Standardize the data, not the dashboard. Let users customize the dashboard with reliable data ~ Ericsson

4. Figure it out yourself

A very inspiring and interesting visit was to Crisp. Joakim Sundén gave a nice presentation of his long term experience with Spotify. He was one of the first agile coaches at this inspiring company and really saw its explosive growth from within. He still finds it strange that a business model and organizational structure that is uses to for rapid growth and a massive digital market is being copied to stable (or shrinking) organizations that are regulated heavily. People copy the rules and structure, not the mindset and culture.

I really liked one of the improvements Spotify made to their way of working (compared to the last published versions). They really implementing dual- or multi-leadership in the Tribes. The development-leader, the product-leader (and of the UX-leader) share the same responsibilities for the overall success of the Tribe!

The real Spotify model isn't about the structure with tribes, squads and chapters. The real Spotify model is about the mindset and the culture. A culture of autonomy and decentralizing control:

“Decentralising control requires decentralising both authority to make decisions and the information to make them correctly”

But also about finding solutions to problems quickly. Joakim finished his presentation with this slide:

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5. Community learning

Siri Wikander gave a very inspiring insight in how they improved the culture at Scandic Hotels. They really used the power of viral change and social influence to improve the culture. One of the key ingredients was using micro learnings. They actively promoted and used an app for all the employees containing small videos (by and for the employees) on all kinds of practical things like: how to fold a towel creatively, how to make the best irish coffee or how to exceed customer expectations.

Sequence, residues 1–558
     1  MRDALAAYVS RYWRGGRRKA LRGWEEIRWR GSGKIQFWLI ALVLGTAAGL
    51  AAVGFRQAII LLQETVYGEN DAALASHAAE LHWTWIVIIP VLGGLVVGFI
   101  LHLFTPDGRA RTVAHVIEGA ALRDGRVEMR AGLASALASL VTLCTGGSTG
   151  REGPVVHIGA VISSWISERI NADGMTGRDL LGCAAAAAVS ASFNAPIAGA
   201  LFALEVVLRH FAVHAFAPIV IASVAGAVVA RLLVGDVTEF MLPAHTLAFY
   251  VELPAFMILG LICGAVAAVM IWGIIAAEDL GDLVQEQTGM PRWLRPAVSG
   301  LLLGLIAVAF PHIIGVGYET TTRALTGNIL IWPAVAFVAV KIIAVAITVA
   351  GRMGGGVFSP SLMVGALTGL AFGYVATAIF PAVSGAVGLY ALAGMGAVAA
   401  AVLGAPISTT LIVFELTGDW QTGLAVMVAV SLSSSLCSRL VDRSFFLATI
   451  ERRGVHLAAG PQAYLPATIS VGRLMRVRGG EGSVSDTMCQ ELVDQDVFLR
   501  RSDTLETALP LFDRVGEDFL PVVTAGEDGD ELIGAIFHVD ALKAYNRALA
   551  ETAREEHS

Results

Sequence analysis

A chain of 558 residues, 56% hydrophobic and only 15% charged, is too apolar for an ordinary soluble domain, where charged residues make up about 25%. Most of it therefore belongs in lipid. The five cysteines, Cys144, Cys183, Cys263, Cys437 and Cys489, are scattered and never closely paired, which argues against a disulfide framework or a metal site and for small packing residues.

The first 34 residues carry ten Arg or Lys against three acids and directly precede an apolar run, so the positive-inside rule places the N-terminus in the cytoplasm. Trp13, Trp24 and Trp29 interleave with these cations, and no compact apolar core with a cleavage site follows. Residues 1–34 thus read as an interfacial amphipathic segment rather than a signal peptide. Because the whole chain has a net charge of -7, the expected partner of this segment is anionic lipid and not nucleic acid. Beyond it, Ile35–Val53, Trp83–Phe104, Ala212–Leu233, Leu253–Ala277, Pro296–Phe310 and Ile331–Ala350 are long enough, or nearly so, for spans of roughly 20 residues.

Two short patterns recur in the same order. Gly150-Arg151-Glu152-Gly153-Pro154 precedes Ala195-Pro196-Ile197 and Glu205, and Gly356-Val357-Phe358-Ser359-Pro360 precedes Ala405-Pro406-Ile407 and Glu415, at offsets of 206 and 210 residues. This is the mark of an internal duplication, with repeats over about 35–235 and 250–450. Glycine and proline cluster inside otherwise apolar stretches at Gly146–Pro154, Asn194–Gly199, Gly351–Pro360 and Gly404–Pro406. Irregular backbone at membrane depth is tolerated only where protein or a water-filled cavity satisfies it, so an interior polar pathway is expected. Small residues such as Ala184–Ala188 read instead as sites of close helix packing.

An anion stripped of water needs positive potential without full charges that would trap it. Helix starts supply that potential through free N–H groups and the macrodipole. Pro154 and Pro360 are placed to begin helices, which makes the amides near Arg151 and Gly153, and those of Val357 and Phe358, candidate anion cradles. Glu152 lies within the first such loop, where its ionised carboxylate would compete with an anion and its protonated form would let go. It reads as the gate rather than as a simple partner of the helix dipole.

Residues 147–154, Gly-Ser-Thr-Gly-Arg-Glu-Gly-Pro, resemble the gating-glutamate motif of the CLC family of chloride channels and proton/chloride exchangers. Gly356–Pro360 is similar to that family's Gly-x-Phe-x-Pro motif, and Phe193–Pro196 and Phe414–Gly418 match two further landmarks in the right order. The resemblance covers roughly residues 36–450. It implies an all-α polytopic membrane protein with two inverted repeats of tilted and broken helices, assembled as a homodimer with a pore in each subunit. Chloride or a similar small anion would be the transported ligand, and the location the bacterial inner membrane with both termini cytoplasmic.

This bottom-up transition wasn't controlled too much by top-down management, instead the leaders were really supporting the change. The employees decided on what to improve and how to improve it and they inspired each other through the social-network. This resulted in the highest customer-satisfaction score in the Nordic hotels.

6. Cultural add

Not particular from one company or story, but still a common theme during the visit was about new hires. On hiring new members or employees the leader should search for people that bring an addition to the culture. Not people that just fit with the team or have the experience, but look for people bringing flavor and color to the group.

Next, the leader can learn how to coach and support the teams in searching for team members that at flavor to the team.

7. Lots of 1:1 time

One of the key things that is still resonating from the Spotify story, the Dynabyte visit and the Centigo leaders is the investment and structure to coach the employees (team members called at Scandic Hotels).

We expect a lot from our people. It's crucial that they have an ambition and develop themselves. We should coach and support them well or else they will get a burnout or worse.

Spotify had one dedicated chapterlead for roughly eight people. Every employee at Centigo often had two coaches: one for the craftsmanship and one for personal development (not dedicated coaches). Dynabyte invested heavily in growth and development.

With the move to self-managing and boss-less-organizations, I see too many organizations that just expect people to develop themselves, without any support or structure. It was inspiring to see that many of the visited organizations had proper structure and tools to help people grow.


Do you also want to join one of our inspiring visits? Or are you an agile manager and want to join one of our meetups or roundtables? Please let me know!

About Peter Koning

Peter is public speaker, author of the book 'Agile Leadership Toolkit' and leadership coach in larger companies in the Netherlands. He is married, has two kids and is a fan of Formula 1 (Max Verstappen).